Yes that is exactly he should have done.
 

Speedboat100

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I've never been a fan of clutches on aircraft drive systems. Heavier, more complex and more things to go wrong. This very complicated drivetrain required a lot more ground testing than it had but even that might not have uncovered what occurred during this flight.

Scotty possibly became task saturated trying to sort out clutch and engine rpm issues at low altitude with speed decaying. With his years of work and attachment into the project, it likely would have been a difficult decision to put the thing down in a field and damage it. Unfortunately physics doesn't give you a second chance once speed decays to the stall. Only option then is to put the nose down and pick your best spot to set it down on.

Yes test pilot and a builder in a task this demanding should have been two different persons.
 

radfordc

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Question remains...why wasn't he flying the aeroplane ? Keeping it under the 70 kts was a mistake.
Some might say that you have just delivered a "blinding flash of the obvious". Do you expect to arrive at an answer to your question?
 

Speedboat100

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I think all of that has been covered, In this and other threads. Stop dragging up old threads for questions that you can search and answer. We don’t need to updated on what you have learned.

Okay. I just tought this case needed some attention and it would be very helpful in testing new aeroplanes amongst the builders. I have always considered aviation safety as a very serious matter.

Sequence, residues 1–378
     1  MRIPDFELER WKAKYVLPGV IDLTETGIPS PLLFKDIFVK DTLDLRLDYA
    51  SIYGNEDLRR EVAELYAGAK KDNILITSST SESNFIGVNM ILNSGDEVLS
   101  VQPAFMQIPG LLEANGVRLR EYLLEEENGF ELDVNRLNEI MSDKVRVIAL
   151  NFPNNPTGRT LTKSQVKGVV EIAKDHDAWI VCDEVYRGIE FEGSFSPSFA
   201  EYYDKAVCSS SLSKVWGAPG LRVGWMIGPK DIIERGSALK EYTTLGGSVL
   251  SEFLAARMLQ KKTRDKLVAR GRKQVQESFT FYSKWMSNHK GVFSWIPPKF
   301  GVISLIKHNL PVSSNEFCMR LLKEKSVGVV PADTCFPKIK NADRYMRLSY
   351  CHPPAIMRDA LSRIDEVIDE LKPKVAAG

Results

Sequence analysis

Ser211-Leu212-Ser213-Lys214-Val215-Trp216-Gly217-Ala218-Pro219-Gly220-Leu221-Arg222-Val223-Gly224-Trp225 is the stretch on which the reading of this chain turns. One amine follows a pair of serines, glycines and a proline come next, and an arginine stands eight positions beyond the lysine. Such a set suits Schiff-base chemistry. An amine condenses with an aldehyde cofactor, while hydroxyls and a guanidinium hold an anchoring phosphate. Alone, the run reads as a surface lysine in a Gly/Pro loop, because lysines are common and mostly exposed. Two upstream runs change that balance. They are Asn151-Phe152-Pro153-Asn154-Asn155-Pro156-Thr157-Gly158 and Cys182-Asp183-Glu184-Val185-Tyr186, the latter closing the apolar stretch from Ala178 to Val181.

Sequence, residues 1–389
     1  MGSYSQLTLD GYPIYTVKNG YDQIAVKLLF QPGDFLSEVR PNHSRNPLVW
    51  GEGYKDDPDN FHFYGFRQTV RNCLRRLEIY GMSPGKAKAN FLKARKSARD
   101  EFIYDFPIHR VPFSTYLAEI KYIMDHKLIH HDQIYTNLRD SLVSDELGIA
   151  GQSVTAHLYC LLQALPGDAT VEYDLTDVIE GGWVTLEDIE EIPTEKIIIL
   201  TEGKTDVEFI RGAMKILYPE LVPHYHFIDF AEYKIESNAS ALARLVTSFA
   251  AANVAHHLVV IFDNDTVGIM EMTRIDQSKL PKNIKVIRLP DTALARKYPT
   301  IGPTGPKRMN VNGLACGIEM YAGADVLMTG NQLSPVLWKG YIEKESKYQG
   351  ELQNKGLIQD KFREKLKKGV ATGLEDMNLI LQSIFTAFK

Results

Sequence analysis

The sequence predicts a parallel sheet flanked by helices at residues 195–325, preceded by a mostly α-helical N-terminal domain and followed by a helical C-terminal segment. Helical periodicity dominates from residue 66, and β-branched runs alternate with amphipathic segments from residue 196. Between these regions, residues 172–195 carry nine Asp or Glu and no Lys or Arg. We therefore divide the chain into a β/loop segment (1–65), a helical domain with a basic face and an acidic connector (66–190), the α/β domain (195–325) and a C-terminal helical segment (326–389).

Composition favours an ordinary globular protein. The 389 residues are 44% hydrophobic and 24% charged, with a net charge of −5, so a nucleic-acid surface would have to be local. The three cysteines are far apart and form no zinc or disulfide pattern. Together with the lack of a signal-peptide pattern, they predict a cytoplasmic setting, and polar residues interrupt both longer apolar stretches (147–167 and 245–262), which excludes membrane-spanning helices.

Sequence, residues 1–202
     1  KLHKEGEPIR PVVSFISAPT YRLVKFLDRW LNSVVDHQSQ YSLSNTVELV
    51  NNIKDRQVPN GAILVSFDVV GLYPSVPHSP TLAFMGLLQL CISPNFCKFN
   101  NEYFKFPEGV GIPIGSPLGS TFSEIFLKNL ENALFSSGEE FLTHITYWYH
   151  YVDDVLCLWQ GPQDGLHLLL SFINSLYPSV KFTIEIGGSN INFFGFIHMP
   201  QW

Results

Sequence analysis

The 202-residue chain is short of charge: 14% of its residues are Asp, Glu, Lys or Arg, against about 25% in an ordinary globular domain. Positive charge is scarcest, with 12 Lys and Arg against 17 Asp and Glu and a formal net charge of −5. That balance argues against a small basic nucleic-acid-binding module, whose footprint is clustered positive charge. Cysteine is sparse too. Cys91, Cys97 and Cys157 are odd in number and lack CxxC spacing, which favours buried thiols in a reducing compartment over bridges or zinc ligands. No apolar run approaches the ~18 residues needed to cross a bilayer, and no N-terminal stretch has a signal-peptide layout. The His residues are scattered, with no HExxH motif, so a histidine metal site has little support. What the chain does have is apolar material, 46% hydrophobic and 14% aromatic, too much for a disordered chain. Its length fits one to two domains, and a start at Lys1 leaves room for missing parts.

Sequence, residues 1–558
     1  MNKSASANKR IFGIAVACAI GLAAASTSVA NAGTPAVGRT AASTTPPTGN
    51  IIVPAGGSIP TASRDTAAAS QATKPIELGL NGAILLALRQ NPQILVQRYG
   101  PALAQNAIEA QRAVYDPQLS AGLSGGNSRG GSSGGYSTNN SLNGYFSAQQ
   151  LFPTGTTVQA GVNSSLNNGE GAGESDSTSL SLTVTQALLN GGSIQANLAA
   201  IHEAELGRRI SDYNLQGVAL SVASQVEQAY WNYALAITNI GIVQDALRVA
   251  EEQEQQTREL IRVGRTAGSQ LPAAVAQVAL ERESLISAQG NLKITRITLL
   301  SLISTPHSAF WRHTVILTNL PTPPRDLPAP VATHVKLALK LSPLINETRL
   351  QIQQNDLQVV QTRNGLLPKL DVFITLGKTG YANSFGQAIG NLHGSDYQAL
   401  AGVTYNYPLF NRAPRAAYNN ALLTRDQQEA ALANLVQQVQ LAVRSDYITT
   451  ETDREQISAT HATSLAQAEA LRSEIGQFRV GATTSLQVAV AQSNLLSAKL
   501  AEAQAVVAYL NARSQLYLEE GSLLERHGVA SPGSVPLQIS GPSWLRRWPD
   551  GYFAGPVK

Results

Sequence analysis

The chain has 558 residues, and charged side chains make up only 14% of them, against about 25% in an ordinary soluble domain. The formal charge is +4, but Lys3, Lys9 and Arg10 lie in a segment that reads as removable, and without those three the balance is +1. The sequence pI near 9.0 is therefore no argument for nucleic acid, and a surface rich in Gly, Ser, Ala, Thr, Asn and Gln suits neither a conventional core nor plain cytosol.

Speedboat100

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Some might say that you have just delivered a "blinding flash of the obvious". Do you expect to arrive at an answer to your question?
Maybe the pilot was overloaded doing something else than piloting the plane..or lift was interrupted by something else. Nothing can bring Scottie back. Maybe something can be learned from this ?

I personally would not have allowed 3 external Go-Pros in the aeroplane that sleek with so underpowered engines.

I will be ( possibly ) banned after this comment...but I am a seriously interested of safety...so please excuse me leaving again !

I will be starting my doctorate studies this week...in fluid dynamics and I try to solve the peak output of a H-Darreius wind turbine ( with articulating blades ). I might make an ultralite AC of my own design after that. You may hear from me in the future.

Take care !
 
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Speedboat100